NEWS MEDIA UPDATE · CALIFORNIA · Prior Restraints · May 2, 2007
Courts can prohibit repetition of defamatory speech
May 2, 2007 · The California Supreme Court ruled last week that it is constitutional for courts to issue limited injunctions prohibiting defendants from repeating statements that were determined at trial to be defamatory.
The ruling arose from a case where the defendant, Anne Lemen, vocally criticized and protested the noise and activities occurring at a bar, the Balboa Island Village Inn, close to her home.
According to the court’s majority opinion, Lemen told the neighbors that there was child pornography, drug dealing, and prostitution going on in the Village Inn. She also videotaped customers and made derogatory comments to employees.
In October 2001, the Village Inn sued Lemen for nuisance, defamation and interference with business, and sought a court order against Lemen.
The trial court agreed with the Village Inn and granted a permanent injunction prohibiting Lemen from contacting the inn’s employees; from repeating certain defamatory statements, including that the bar “acts as a whorehouse” and “encourages lesbian activities”; and from filming within 25 feet of the Village Inn. The order applied not just to Lemen but also “her agents” and “all persons acting on her behalf.”
The appeals court overturned most of the injunction. While the court upheld the order regarding filming, it overturned the portions prohibiting Lemen from initiating contact with employees of the Village Inn and repeating the identified defamatory statements about the Village Inn.
The appeals court stated that those portions of the judgment violated defendant’s right to free speech under the federal and California constitutions.
The Supreme Court agreed with the appeals court and overturned the injunction. However, the high court’s reasoning in overturning the trial court’s order differed from the appeals court’s reasoning.
The appeals court ruled that such an injunction constitutes an impermissible, unconstitutional prior restraint.
In contrast, the Supreme Court ruled that Lemen’s right to free speech would not be infringed if the injunction was less broad and properly limited.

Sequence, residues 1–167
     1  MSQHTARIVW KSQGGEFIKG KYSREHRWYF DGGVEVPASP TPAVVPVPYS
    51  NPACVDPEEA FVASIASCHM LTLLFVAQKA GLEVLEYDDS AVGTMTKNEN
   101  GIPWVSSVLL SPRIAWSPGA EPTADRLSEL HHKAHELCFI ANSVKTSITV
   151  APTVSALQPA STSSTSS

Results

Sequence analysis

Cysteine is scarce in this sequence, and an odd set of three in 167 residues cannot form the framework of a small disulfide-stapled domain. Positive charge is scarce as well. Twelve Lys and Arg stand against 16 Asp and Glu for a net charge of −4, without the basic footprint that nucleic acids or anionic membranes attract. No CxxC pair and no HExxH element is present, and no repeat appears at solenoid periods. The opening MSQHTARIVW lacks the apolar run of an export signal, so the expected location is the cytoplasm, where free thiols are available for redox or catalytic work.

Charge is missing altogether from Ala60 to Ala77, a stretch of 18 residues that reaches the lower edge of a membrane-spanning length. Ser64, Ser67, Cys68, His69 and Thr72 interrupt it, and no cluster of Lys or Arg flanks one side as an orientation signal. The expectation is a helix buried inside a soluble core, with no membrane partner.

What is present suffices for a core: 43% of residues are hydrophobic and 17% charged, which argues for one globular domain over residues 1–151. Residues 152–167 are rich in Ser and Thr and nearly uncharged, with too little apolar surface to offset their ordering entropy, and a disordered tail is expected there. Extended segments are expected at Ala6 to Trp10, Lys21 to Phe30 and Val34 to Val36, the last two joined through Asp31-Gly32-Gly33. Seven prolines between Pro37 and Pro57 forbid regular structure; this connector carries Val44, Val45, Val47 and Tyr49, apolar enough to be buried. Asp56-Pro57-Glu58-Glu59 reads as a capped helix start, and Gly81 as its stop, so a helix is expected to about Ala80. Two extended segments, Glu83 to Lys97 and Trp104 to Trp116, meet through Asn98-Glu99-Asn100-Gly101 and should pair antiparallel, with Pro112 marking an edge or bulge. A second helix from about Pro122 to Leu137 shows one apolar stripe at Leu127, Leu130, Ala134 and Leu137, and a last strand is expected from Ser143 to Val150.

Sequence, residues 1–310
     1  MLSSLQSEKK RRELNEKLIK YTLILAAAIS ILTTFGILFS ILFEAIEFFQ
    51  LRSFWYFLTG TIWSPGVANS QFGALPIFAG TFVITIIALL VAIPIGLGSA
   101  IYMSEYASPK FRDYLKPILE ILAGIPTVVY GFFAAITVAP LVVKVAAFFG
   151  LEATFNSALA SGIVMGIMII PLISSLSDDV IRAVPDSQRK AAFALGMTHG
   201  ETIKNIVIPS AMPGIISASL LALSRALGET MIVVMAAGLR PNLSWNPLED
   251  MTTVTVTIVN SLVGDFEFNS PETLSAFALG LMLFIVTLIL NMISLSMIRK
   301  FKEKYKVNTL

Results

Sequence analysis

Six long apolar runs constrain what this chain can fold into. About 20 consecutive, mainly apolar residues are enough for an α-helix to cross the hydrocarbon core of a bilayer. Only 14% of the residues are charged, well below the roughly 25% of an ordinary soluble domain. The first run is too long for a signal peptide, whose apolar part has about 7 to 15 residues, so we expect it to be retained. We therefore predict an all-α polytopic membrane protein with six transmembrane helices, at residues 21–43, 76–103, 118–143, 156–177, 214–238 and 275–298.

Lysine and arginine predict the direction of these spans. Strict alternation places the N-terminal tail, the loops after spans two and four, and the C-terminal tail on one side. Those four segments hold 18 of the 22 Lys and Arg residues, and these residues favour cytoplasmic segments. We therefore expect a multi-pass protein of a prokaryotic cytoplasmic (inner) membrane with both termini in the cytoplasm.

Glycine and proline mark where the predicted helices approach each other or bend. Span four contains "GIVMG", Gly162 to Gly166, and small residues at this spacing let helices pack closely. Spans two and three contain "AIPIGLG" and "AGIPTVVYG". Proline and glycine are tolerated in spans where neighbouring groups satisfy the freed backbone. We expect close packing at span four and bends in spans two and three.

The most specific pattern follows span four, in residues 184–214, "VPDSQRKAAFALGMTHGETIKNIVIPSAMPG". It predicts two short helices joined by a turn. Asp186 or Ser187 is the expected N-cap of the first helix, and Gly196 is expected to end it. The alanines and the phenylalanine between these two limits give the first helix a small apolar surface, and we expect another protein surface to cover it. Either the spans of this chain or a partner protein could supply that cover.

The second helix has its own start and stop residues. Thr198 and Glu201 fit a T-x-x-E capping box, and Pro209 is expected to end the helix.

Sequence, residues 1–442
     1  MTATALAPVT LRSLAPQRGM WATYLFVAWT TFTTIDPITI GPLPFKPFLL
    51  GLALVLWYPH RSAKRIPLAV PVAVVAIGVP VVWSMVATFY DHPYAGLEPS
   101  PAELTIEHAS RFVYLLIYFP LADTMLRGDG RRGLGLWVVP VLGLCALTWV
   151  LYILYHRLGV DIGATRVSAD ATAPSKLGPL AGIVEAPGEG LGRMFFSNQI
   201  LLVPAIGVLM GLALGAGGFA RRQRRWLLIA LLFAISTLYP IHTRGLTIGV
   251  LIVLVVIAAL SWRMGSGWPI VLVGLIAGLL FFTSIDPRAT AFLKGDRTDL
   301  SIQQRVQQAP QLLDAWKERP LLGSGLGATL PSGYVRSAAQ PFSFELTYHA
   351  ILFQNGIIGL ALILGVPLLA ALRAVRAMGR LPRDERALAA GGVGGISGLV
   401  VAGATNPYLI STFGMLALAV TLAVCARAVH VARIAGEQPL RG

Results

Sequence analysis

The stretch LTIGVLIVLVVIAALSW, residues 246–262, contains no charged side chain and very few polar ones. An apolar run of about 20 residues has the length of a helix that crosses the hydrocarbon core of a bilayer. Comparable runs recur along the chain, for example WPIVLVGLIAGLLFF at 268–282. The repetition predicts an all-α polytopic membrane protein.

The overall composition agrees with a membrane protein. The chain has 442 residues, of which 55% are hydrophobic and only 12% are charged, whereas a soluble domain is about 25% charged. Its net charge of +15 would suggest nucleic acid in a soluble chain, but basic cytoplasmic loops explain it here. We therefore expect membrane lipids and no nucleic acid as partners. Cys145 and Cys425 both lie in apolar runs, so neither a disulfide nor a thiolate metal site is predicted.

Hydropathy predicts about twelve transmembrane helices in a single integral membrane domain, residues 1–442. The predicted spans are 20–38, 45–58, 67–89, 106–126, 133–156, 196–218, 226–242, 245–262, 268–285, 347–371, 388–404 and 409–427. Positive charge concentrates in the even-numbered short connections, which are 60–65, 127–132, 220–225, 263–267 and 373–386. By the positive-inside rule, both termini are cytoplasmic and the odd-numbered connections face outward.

“An injunction issued following a trial that determined that the defendant defamed the plaintiff that does no more than prohibit the defendant from repeating the defamation, is not a prior restraint and does not offend the First Amendment,” the majority opinion stated.
The high court noted that the injunction the trial court crafted was too broad, ruling that any newly crafted injunction must be limited to Lemen personally and must not prevent Lemen from presenting her grievances to government officials. It also ruled that prohibiting Lemen from contacting The Village Inn’s employees “sweeps more broadly than necessary.”
But the court reasoned that “a properly limited injunction prohibiting defendant from repeating statements about plaintiff that were determined at trial to be defamatory would not violate defendant’s right to free speech.”
Lemen argued that she cannot be enjoined from repeating the same statements found to be defamatory, saying, “A statement that was once false may become true later in time.”
The court countered this argument by saying that if such a change in circumstances occurs, the defendant may move the court to modify or dissolve the injunction.
Several judges dissented or wrote concurring opinions in the 5-2 decision.
Justice Joyce L. Kennard wrote in a dissent that “the injunction is a prior restraint on future speech; it is overbroad in prohibiting nondefamatory future speech; and it is unnecessary in the absence of proof that compensatory damages would not be an adequate remedy.”
(Balboa Island Village Inn v. Lemen) — CS